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Periodic leg movements during sleep and cerebral hemodynamic changes detected by NIRS.
Clin Neurophysiol. 2009 Jul; 120(7):1329-34.CN

Abstract

OBJECTIVE

Periodic leg movements during sleep (PLMS) have been shown to be associated with changes in autonomic and hemispheric activities. Near infrared spectroscopy (NIRS) assesses hemodynamic changes linked to hemispheric/cortical activity. We applied NIRS to test whether cerebral hemodynamic alterations accompany PLMS.

METHODS

Three PLMS patients underwent nocturnal polysomnography coupled with cerebral NIRS. EEG correlates of PLMS were scored and NIRS data were analysed for the identification of correspondent hemodynamic changes.

RESULTS

PLMS were constantly associated with cerebral hemodynamic fluctuations that showed greater amplitude when associated to changes in EEG and were present also in absence of any visually detectable arousal or A phase in the EEG.

CONCLUSION

This is the first study documenting cerebral hemodynamic changes linked to PLMS.

SIGNIFICANCE

The clinical relevance of these observations remains to be determined.

Authors+Show Affiliations

Department of Neurology, University Hospital Zürich, Switzerland.No affiliation info availableNo affiliation info availableNo affiliation info availableNo affiliation info available

Pub Type(s)

Case Reports
Journal Article

Language

eng

PubMed ID

19540159

Citation

Pizza, Fabio, et al. "Periodic Leg Movements During Sleep and Cerebral Hemodynamic Changes Detected By NIRS." Clinical Neurophysiology : Official Journal of the International Federation of Clinical Neurophysiology, vol. 120, no. 7, 2009, pp. 1329-34.
Pizza F, Biallas M, Wolf M, et al. Periodic leg movements during sleep and cerebral hemodynamic changes detected by NIRS. Clin Neurophysiol. 2009;120(7):1329-34.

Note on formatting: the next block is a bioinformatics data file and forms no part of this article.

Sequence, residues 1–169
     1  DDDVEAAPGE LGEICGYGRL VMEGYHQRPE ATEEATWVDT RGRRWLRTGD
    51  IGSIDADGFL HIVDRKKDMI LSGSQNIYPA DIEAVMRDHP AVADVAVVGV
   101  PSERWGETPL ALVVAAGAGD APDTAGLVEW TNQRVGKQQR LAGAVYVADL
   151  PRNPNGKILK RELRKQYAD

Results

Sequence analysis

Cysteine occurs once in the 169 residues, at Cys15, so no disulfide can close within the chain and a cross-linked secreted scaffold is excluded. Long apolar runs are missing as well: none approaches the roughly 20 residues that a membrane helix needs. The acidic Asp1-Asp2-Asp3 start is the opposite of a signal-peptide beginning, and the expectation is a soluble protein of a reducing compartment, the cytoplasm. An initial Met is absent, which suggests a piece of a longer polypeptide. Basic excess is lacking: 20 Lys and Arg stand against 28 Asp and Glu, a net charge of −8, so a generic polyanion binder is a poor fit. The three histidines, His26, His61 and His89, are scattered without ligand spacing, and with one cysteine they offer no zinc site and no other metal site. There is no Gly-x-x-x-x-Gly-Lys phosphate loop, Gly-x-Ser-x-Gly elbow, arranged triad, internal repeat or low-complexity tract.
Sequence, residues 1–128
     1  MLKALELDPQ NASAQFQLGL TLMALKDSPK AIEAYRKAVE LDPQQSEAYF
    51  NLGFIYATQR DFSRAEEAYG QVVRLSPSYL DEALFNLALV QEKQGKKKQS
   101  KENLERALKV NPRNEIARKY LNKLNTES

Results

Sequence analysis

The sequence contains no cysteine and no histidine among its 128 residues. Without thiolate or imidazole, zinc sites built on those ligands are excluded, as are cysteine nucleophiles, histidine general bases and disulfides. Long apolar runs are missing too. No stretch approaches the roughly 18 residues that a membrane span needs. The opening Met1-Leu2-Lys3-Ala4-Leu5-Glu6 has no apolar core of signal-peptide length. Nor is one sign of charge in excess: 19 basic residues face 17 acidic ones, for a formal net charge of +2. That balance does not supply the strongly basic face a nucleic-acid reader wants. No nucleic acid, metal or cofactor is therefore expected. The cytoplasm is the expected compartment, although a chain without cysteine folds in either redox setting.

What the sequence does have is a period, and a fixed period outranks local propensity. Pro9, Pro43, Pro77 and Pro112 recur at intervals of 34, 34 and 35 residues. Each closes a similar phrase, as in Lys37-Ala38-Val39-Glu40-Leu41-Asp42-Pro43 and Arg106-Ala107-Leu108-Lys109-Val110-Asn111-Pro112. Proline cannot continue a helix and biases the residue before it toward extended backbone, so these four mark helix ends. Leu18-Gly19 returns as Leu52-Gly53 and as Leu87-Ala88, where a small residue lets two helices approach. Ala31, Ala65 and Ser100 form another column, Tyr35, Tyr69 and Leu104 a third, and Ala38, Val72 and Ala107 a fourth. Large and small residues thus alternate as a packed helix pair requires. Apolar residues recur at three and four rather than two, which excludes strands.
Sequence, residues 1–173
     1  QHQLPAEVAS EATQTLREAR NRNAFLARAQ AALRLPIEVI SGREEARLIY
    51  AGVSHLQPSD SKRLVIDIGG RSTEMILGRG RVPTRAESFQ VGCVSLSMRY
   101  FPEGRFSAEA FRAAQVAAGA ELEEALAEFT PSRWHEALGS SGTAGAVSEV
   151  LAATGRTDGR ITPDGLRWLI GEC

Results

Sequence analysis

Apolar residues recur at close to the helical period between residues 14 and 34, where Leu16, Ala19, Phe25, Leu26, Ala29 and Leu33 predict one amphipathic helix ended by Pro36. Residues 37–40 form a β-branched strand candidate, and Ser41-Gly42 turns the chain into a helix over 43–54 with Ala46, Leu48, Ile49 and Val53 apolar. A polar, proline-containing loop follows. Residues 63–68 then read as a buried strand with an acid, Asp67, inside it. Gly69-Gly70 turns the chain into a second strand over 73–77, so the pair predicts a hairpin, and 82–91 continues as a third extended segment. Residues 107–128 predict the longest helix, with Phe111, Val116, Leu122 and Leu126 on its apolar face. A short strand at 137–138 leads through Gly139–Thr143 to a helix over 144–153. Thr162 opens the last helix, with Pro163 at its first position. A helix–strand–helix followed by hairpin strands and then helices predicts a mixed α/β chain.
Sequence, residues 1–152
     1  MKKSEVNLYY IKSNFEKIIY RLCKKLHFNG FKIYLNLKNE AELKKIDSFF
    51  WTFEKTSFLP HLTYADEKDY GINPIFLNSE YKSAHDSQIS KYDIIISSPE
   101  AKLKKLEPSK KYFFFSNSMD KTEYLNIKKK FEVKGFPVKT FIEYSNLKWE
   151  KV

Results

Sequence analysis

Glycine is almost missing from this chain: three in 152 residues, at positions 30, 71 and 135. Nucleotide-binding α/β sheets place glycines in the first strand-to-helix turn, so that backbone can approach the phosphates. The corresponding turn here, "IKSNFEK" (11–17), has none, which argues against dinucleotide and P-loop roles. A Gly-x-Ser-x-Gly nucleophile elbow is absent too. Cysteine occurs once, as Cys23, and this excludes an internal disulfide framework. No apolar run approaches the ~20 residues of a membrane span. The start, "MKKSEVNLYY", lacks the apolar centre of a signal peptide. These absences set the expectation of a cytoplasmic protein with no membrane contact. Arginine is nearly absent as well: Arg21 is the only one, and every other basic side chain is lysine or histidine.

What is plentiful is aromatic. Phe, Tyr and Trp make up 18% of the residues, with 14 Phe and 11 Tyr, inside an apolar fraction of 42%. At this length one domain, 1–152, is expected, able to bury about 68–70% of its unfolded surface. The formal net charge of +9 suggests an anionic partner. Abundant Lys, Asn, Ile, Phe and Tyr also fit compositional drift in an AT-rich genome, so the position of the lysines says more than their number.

Pizza, F., Biallas, M., Wolf, M., Valko, P. O., & Bassetti, C. L. (2009). Periodic leg movements during sleep and cerebral hemodynamic changes detected by NIRS. Clinical Neurophysiology : Official Journal of the International Federation of Clinical Neurophysiology, 120(7), 1329-34. https://doi.org/10.1016/j.clinph.2009.05.009
Pizza F, et al. Periodic Leg Movements During Sleep and Cerebral Hemodynamic Changes Detected By NIRS. Clin Neurophysiol. 2009;120(7):1329-34. PubMed PMID: 19540159.
* Article titles in AMA citation format should be in sentence-case
TY - JOUR T1 - Periodic leg movements during sleep and cerebral hemodynamic changes detected by NIRS. AU - Pizza,Fabio, AU - Biallas,Martin, AU - Wolf,Martin, AU - Valko,Philipp O, AU - Bassetti,Claudio L, Y1 - 2009/06/18/ PY - 2008/08/21/received PY - 2009/03/31/revised PY - 2009/05/13/accepted PY - 2009/6/23/entrez PY - 2009/6/23/pubmed PY - 2009/8/1/medline SP - 1329 EP - 34 JF - Clinical neurophysiology : official journal of the International Federation of Clinical Neurophysiology JO - Clin Neurophysiol VL - 120 IS - 7 N2 - OBJECTIVE: Periodic leg movements during sleep (PLMS) have been shown to be associated with changes in autonomic and hemispheric activities. Near infrared spectroscopy (NIRS) assesses hemodynamic changes linked to hemispheric/cortical activity. We applied NIRS to test whether cerebral hemodynamic alterations accompany PLMS. METHODS: Three PLMS patients underwent nocturnal polysomnography coupled with cerebral NIRS. EEG correlates of PLMS were scored and NIRS data were analysed for the identification of correspondent hemodynamic changes. RESULTS: PLMS were constantly associated with cerebral hemodynamic fluctuations that showed greater amplitude when associated to changes in EEG and were present also in absence of any visually detectable arousal or A phase in the EEG. CONCLUSION: This is the first study documenting cerebral hemodynamic changes linked to PLMS. SIGNIFICANCE: The clinical relevance of these observations remains to be determined. SN - 1872-8952 UR - https://www.unboundmedicine.com/medline/citation/19540159/Periodic_leg_movements_during_sleep_and_cerebral_hemodynamic_changes_detected_by_NIRS_ L2 - https://linkinghub.elsevier.com/retrieve/pii/S1388-2457(09)00360-5 DB - PRIME DP - Unbound Medicine ER -